Helping older people get used to technology

Computers, tablets, smartphones and the internet can enhance the lives of seniors by making them feel connected with the world, and self-sufficient. But it can be daunting if they aren’t used to using these devices. Here are some tips to keep in mind if you’re introducing your older loved ones to the wonderful world of technology.

Start small, go slow

A good place to start is to demonstrate the value of new technology. That might be having a video chat with a relative across the world, or showing them how to check the weather very easily each morning. A real-life example of how it could help their daily lives can be a great starting point.

Then begin with something very simple. Pick one single activity and don’t move on until they’re confident doing that on their own.

Write guides and repeat

People who are nervous using technology often respond really well to a written step-by-step guide that they can follow each time. Make sure you show them how to do whatever your first activity is several times, over more than one session. Showing them once, then hoping they’ll be able to do it alone next time, is a recipe for disappointment. So run through the activity each time you go around, following the written guide each time, and they’ll be doing it alone in no time.

Prepare the device

Whether it’s a tablet or laptop, do everything you can to make it easy to use. That might mean putting large stickers on important buttons like Volume or Power. Almost all devices have settings to make them easier to use for those who are hard of hearing or struggle to read small details. Head into the settings of the device and enlarge the fonts, increase the volume, and take any other suggestions to make the device easier to use.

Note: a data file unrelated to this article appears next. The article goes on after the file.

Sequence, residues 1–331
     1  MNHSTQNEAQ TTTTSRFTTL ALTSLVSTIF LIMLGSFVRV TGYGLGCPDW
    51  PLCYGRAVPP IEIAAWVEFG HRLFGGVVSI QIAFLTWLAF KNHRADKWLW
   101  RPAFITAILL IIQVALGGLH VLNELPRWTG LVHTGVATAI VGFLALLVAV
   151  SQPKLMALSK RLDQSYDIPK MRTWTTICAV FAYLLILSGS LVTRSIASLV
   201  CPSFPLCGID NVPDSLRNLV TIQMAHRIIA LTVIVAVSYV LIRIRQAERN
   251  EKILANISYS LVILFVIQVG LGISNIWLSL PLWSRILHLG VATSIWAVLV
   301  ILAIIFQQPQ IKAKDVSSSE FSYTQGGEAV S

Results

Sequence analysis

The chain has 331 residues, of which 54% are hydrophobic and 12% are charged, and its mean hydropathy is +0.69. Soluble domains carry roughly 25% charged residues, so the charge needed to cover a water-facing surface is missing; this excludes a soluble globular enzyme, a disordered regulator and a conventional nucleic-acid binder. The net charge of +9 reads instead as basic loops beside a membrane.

It’s also really helpful if you clear up the main screen (the desktop on a computer, or home screen on a tablet), so that only the most useful programs or options appear. That way, to get going they just need to click on a single program, and they should be ready to go. Remove everything that isn’t essential from the home screen.

Be patient

It’s not reasonable to expect someone who’s never used this sort of technology to get it straight away. But the potential benefits are huge, and can help people who live alone feel connected to the world around them, giving people a whole new lease on life. But it takes time. Build up slowly, help them on their journey, and make sure you check in regularly to help solve problems that might come up.

Once they’ve got their toes wet, you can take a look at local senior computing classes for some more encouragement. And if your loved ones need some help at home, it might be time to consider getting some help. Get in touch to talk about our in-home care services, from occasional companionship visits to daily physical care, throughout Camden.